In April of this year, Suniva, a Chinese-owned, US-based solar manufacturer filed a rarely-used Section 201 petition with the US International Trade Commission (ITC), requesting the imposition of minimum prices for solar module imports into the United States. In May, German-based SolarWorld joined Suniva’s petition, and in September, the ITC ruled in favor of the plaintiffs, ultimately recommending up to a 35 percent tariff on imported solar modules.
In a Section 201 petition, the ITC must consider whether an article, imported, “in such increased quantities,” has caused “serious injury” to the domestic industry. The burden of proof is therefore lower and more ambiguous than in typical anti-dumping cases, which require proof of unfair or illegal practices on behalf of the foreign competitor.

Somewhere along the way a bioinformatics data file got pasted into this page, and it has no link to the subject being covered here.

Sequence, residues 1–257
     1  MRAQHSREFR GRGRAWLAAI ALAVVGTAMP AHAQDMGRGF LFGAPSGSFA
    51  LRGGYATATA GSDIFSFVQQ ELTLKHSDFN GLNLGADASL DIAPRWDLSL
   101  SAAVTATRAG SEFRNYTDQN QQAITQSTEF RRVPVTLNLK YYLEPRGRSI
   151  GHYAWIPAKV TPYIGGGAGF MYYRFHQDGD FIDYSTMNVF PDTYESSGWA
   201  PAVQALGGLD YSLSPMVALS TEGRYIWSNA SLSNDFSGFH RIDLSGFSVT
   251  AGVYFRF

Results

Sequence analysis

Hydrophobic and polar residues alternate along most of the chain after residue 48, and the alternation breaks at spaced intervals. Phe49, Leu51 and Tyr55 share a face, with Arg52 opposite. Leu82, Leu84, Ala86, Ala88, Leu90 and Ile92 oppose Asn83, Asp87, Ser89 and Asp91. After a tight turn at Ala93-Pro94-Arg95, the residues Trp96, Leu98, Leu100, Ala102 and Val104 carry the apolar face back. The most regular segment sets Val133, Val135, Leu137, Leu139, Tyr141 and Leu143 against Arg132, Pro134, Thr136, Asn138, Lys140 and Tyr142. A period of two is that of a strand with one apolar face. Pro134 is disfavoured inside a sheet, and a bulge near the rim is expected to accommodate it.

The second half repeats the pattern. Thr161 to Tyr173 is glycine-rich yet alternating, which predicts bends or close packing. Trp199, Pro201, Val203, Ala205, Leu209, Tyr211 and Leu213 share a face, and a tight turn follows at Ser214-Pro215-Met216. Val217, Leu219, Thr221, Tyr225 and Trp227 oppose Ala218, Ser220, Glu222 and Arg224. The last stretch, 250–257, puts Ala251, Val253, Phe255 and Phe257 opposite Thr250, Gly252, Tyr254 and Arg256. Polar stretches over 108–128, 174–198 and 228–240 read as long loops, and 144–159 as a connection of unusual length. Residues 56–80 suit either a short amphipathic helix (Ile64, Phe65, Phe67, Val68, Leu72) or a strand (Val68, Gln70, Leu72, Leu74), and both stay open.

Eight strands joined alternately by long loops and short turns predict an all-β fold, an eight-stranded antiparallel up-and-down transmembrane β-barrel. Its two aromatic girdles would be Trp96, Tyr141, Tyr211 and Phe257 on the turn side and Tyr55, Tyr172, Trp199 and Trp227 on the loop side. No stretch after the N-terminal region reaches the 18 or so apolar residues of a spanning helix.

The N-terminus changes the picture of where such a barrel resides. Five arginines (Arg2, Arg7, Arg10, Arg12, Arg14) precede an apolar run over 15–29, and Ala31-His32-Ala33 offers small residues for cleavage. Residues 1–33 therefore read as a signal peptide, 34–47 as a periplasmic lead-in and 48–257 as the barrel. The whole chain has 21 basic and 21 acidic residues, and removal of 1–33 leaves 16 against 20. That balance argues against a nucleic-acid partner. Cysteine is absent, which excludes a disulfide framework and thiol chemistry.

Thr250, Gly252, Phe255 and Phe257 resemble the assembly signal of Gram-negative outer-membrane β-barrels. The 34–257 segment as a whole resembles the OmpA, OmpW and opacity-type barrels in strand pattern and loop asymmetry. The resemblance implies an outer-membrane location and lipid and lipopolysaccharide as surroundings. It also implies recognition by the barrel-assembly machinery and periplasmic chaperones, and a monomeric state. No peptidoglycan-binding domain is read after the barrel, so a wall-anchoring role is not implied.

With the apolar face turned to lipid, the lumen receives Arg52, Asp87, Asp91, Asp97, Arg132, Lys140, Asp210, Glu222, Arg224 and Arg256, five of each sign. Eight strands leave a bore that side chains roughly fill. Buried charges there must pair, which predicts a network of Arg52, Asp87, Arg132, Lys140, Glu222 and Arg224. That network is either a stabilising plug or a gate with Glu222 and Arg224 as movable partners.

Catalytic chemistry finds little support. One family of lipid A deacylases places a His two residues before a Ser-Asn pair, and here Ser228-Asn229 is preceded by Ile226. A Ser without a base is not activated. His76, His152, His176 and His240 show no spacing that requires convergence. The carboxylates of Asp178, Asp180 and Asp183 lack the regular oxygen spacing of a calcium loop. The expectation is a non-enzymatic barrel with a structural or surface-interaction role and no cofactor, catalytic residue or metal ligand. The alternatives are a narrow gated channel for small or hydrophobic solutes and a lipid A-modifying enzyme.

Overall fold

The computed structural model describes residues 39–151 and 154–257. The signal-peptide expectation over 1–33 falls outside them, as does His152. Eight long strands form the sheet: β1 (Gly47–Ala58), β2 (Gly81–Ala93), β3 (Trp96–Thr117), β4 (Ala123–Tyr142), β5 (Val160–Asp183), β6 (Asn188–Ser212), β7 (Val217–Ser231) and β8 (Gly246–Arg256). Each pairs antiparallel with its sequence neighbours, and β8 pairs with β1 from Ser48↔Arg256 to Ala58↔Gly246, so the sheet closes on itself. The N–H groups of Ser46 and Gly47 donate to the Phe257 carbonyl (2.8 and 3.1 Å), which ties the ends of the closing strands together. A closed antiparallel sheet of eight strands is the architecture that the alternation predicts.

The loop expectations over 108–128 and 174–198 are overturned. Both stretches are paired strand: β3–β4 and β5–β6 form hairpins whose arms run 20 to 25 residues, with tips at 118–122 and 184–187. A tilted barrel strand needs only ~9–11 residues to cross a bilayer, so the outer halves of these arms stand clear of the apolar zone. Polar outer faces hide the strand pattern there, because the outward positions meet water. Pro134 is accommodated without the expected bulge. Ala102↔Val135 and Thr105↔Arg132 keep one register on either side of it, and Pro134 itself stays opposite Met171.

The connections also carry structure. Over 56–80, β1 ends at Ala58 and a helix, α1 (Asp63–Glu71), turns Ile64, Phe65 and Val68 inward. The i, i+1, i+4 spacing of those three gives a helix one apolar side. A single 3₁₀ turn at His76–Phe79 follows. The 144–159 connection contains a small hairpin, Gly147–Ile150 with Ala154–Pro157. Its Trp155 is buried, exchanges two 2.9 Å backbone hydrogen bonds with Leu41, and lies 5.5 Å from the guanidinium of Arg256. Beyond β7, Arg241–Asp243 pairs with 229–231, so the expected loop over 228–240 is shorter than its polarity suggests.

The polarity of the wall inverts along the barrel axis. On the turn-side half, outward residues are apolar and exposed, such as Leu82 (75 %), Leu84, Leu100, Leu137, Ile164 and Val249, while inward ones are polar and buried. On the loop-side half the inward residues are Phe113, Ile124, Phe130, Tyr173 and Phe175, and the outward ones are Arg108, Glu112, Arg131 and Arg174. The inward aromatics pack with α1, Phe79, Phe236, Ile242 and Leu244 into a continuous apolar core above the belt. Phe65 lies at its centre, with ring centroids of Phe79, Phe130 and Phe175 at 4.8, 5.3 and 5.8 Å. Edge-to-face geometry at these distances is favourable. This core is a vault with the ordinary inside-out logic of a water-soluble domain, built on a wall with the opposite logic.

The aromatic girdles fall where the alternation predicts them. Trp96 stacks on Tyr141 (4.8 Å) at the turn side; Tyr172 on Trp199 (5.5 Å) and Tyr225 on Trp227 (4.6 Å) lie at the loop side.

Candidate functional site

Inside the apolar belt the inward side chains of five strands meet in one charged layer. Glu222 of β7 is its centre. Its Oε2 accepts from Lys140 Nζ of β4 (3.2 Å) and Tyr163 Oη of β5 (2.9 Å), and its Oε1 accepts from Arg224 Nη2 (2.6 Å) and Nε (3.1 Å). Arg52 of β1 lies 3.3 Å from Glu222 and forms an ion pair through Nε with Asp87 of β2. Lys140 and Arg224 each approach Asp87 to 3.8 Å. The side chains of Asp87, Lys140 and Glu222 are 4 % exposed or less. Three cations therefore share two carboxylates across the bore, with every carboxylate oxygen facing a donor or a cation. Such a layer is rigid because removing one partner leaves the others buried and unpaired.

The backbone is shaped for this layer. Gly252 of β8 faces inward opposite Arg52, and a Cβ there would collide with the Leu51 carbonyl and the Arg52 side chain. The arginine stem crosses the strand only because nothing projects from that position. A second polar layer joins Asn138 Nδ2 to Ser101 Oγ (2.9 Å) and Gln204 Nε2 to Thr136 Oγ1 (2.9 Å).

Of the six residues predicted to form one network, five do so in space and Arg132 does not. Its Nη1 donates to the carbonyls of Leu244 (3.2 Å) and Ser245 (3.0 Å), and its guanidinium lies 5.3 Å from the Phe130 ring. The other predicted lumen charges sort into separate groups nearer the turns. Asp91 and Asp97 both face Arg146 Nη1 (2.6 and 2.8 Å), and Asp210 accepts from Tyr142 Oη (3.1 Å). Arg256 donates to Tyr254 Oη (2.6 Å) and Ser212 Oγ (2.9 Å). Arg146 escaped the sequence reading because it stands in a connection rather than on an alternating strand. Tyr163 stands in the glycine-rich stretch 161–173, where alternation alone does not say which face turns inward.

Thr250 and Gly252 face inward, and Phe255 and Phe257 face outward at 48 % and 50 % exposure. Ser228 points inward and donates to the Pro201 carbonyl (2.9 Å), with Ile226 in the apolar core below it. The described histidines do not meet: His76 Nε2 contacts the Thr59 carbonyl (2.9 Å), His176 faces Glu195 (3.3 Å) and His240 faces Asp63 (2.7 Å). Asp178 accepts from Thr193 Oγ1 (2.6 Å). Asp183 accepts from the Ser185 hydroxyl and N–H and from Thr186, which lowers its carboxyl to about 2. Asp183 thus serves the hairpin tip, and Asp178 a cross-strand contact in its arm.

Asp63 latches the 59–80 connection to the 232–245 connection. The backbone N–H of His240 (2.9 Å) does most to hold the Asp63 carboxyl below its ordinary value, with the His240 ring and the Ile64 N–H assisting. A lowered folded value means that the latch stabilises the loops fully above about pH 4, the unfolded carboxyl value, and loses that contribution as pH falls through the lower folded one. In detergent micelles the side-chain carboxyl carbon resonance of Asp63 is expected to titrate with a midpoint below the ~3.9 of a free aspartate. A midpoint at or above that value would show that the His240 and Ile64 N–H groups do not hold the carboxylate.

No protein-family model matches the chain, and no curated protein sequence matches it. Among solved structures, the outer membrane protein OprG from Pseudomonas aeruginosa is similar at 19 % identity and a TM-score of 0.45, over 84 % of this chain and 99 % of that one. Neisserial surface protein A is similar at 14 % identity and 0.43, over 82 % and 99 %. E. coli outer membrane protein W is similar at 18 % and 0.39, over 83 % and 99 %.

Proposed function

According to the latest ten-year forecast from the Bureau of Labor Statistics (BLS), solar photovoltaic installer is projected to be the fastest growing occupation in the US, with a projected growth rate of 105 percent. Since 2010, solar jobs have skyrocketed, almost tripling to employ over 260,000 Americans in 2016. Installers represent the majority of jobs in the solar industry—accounting for 52 percent of all jobs in the sector—manufacturers on the other hand, represent just 15 percent of jobs in the sector.